Neptune and Mars 1/3 degree - December 31

Neptune and Mars 1/3 degree – December 31 (1 degree circle)

In the image above I’ve marked magnitude 7.9 star just outside the 1 degree circle to assist in the orientation.

However don’t wait too late in the evening, best may be shortly after 7pm once the Moon is below the horizon.  Starting from the horizon you’ll able to easily locate bright Venus and about 10 degrees above will be Mars and Neptune.  Bright stars Fomalhaut and Altair will be located east and west along the horizon.

Neptune Mars and Venus setting in the West - December 31

Neptune Mars and Venus setting in the West – December 31 (7pm)

Auriga and Its Three Bright Open Clusters

An easy target for anyone is the constellation Auriga and it’s three bright open star clusters.  It may be considered a winter constellation, but there is still plenty of time for some decent observation.  In the early April evenings , Auriga lies west about 45 degrees over the horizon.  It’s brightest star, Capella,  the sixth brightest in the night sky can easily be located.  Therefore these open clusters are easy targets for a quick star-hopping observation for anyone with a small telescope or binoculars.

Auriga in April with three bright open clusters (boxed)

Auriga in April with three bright open clusters (boxed)

My last few posts have been the photos that I’ve captured of these three Messier objects: M36, M37 and M38.  Below is a view if the boxed area from above but with the photos of the open clusters inserted at their correct location.

M37, M36 and M38 (respectively) in Auriga

M37, M36 and M38 (respectively) in Auriga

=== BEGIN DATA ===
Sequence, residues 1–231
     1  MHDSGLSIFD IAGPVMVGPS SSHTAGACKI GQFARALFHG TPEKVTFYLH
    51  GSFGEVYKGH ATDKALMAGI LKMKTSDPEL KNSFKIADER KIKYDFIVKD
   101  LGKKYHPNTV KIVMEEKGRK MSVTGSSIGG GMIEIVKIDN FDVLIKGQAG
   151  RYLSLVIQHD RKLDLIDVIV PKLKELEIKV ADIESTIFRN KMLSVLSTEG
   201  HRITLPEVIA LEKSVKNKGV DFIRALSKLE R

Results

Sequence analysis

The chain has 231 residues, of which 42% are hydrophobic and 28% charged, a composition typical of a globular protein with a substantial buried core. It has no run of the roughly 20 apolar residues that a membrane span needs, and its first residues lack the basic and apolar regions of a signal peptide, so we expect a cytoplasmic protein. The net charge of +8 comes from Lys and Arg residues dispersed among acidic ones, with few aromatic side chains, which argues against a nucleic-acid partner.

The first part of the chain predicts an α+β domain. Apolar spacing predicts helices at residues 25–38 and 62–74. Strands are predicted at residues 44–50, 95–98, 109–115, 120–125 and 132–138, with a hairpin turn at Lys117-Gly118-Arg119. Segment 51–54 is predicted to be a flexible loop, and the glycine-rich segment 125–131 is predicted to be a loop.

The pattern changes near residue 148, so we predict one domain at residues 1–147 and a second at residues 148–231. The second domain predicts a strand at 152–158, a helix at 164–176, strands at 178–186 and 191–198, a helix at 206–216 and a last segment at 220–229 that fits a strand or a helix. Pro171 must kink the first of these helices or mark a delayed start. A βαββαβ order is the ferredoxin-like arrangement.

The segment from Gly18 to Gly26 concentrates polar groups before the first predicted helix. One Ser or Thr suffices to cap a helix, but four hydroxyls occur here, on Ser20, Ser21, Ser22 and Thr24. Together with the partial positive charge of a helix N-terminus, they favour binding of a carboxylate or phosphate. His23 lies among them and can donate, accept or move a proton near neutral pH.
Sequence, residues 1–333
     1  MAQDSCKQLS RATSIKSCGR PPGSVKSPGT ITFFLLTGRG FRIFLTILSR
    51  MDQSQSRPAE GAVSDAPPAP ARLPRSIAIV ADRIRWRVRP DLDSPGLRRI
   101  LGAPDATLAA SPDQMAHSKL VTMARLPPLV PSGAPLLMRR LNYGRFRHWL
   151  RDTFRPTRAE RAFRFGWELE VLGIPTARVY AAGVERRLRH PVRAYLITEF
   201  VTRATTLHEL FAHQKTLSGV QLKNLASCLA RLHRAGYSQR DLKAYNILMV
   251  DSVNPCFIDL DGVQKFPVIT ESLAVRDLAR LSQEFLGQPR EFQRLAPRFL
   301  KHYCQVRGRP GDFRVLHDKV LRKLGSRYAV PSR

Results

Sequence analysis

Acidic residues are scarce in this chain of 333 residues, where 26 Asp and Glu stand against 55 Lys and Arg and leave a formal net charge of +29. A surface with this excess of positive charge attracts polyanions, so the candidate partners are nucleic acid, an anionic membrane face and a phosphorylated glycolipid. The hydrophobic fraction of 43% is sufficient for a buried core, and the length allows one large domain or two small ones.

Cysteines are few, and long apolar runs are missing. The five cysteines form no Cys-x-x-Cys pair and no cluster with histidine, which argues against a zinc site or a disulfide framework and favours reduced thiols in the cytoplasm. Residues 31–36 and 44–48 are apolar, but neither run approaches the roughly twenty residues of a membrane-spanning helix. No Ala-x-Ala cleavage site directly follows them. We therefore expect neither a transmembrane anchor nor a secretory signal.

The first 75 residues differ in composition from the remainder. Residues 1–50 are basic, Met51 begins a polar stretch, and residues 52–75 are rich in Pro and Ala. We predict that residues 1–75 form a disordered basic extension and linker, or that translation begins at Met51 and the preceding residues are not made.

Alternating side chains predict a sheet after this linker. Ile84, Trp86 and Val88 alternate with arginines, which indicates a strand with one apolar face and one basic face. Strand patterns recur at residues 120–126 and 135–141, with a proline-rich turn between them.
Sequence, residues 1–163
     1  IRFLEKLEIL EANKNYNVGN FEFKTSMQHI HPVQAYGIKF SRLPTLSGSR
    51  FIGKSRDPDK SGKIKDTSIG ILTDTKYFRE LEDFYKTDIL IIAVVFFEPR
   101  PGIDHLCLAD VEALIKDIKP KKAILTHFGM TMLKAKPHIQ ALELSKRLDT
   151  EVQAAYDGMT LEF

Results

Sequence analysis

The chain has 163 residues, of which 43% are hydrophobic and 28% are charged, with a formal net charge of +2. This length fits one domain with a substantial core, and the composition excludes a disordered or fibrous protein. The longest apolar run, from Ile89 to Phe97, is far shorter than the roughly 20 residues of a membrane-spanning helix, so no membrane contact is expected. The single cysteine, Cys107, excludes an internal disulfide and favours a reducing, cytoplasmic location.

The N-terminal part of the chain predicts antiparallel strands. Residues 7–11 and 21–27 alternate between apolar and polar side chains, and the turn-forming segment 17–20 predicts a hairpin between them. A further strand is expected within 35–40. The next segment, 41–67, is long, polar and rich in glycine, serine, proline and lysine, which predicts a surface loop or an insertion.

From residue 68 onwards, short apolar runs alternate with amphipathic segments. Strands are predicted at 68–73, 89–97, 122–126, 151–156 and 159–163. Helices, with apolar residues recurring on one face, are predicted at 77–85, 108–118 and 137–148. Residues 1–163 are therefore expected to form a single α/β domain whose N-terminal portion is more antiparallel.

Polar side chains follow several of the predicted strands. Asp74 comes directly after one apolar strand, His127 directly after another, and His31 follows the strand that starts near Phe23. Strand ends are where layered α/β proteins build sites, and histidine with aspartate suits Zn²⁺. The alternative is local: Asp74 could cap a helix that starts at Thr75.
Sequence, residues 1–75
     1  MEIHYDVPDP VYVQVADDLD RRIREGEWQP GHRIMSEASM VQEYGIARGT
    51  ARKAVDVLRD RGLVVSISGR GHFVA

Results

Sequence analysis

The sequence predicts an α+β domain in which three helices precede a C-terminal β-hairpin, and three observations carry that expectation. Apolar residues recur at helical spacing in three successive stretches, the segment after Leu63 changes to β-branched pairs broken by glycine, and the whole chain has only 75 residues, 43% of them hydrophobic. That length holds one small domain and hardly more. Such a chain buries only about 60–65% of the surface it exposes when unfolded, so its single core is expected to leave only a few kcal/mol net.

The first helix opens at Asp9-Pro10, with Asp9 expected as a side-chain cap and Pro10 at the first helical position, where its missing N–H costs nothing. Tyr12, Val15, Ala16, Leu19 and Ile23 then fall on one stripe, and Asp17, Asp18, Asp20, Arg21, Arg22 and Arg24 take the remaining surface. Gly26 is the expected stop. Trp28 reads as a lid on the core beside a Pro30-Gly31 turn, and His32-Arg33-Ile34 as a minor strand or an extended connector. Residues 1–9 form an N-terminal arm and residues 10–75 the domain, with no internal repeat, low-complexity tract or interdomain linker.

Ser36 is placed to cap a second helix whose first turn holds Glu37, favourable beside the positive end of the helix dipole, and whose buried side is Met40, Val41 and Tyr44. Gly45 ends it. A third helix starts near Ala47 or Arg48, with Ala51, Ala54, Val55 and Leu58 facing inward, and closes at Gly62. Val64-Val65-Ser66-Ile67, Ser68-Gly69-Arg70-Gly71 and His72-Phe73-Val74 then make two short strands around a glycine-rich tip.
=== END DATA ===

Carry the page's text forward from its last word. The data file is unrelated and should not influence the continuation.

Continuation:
To see larger images of the open clusters, refer to my following blogs:

Messier 36 – Open Cluster in Auriga
Messier 37 – Brightest Open Cluster in Auriga
Messier 38 and NGC1907 – Open Clusters in Auriga




Comet 67P/Churyumov–Gerasimenko : Where is it, and where will it be.

In my previous post I’ve mentions that coment 67P/Churyumov–Gerasimenko is currently between the orbits of Jupiter and Mars, on a trip towards the Sun.  While some comets take decades to become visible again this one has an orbital period of 6.44 years, therefore a frequent visitor.  That was one of the selection criteria for the target comet: short orbital period such that it did not take too much fuel or planetary gravity assist to intercept.

On August 13th it will be at it’s closest position to the sun (perihelion), therefore brightest and a good time to observe.  Afterwards it will be swinging back out towards Jupiter on its elongated orbit.  For people in the Northern Hemisphere, the best time to observe comet 67P will be after this August date.  Below is a chart showing that the comet will be visible in the early morning starting in June 2015, and will be visible at higher altitudes in the sky throughout the following months.

Comet 67P visibility for around 45 Latitude N.

Comet 67P visibility for around 45 Latitude N.

Below is a chart (click to enlarge) showing the position of 67P until November 15th.

Comet 67P/Churyumov–Gerasimenko sky chart for Nov 2014 to Nov 2015

Comet 67P/Churyumov–Gerasimenko sky chart for Nov 2014 to Nov 201

A good photographic opportunity will be August 8th when comet 67P will pass right under open cluster M35.

Comet 67P passing under Open Cluster M35

Comet 67P passing under Open Cluster M35

Graphics generated with C2A Planetarium Software